LoggerFactory.Create(fun builder ->
                builder.AddConsole() |> ignore               
                );
        let logger = loggerFactory.CreateLogger<Startup>()
        
        let di = DI.create config ably logger
        services.AddSingleton<DI> (fun _ -> di) |> ignore
        
        this.ConfigureHandlers di logger
        
        services.AddSwaggerGen(fun c ->
                c.SwaggerDoc("v1", OpenApiInfo(Title = "Topic Api", Version = "v1"))
        ) |> ignore
        
        services.AddHealthChecks()
            .AddCheck(
                "Ably Channel",
                AblyChannelHealthCheck(
                    ably,
                    "Topic"
                )
            )
            .AddCheck(
                "Ably Timer",
                AblyTimerHealthCheck(
                    ably,
                    "Topic",
                    TimeSpan.FromSeconds 1.,
                    TimeSpan.FromSeconds 1.
                )
            )
            .AddMongoDb((MongoConfig.map config.MongoDb).GetConnectionString(), name = "MongoDB")
        |> ignore
        services
            .AddHealthChecksUI(fun s ->
                s
                    .SetEvaluationTimeInSeconds(60)
                    .AddHealthCheckEndpoint("Self", $"http://{Dns.GetHostName()}/health")
                |> ignore)
            .AddInMemoryStorage() |> ignore
        ...
    
    member this.Configure(app: IApplicationBuilder, env: IWebHostEnvironment) =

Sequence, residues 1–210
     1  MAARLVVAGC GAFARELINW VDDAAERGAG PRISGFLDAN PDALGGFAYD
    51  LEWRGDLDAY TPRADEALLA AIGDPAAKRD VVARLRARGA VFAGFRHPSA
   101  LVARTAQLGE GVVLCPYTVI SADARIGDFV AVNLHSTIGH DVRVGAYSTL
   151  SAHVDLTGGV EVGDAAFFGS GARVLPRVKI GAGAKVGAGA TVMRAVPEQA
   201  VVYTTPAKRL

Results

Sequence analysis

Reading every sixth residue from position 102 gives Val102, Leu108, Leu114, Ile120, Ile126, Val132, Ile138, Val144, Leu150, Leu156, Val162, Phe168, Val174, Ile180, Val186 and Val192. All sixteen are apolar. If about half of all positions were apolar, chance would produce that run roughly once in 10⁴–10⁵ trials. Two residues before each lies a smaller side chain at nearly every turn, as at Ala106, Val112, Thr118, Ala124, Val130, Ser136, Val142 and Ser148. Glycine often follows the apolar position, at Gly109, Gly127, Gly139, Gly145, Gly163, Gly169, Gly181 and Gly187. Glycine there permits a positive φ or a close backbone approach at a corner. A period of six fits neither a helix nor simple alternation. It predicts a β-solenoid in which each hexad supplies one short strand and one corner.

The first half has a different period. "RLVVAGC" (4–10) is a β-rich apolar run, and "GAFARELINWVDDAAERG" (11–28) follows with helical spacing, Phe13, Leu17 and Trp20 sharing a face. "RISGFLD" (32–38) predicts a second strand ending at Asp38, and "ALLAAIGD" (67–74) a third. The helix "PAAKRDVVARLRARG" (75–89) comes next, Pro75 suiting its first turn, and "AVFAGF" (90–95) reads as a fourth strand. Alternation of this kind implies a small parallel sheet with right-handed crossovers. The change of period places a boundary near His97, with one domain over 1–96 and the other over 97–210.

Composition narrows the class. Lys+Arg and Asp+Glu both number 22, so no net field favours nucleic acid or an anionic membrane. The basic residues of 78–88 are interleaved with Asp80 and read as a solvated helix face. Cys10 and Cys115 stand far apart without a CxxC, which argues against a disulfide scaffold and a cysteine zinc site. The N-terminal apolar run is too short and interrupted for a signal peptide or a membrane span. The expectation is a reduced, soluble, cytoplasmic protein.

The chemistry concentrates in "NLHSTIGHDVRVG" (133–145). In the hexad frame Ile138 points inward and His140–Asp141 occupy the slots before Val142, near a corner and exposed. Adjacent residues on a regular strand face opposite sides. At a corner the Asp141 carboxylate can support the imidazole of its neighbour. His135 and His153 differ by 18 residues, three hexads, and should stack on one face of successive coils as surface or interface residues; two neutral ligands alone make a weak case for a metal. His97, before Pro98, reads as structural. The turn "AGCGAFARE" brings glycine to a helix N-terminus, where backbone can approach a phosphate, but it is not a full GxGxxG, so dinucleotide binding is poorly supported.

...
        app.UseSwagger(fun opt -> ()) |> ignore
        app.UseSwaggerUI(fun opt ->
                opt.SwaggerEndpoint("/swagger/v1/swagger.json", "Topic Api V1")
                opt.RoutePrefix <- String.Empty
        ) |> ignore
        ...
        app.UseEndpoints(fun endpoints ->
                endpoints.MapControllers() |> ignore
                endpoints.MapHealthChecksUI(fun setup ->
                    setup.UIPath <- "/ui-health"
                    setup.ApiPath <- "/api-ui-health"
                ) |> ignore
                endpoints.MapHealthChecks(
                    "/health",
                    HealthCheckOptions(
                        Predicate = (fun _ -> true),
                        ResponseWriter = Func<HttpContext, HealthReport, Task>(fun (context) (c: HealthReport) -> UIResponseWriter.WriteHealthCheckUIResponse(context, c))
                    )
                ) |> ignore
            ) |> ignore
    
    Swagger's definition of the Topic API includes methods such as POST, PUT, and GET.
    Swagger's Topic API method definition

    We also define some HTTP endpoints just for testing purposes. You can see them in the OpenAPI documentation as follows.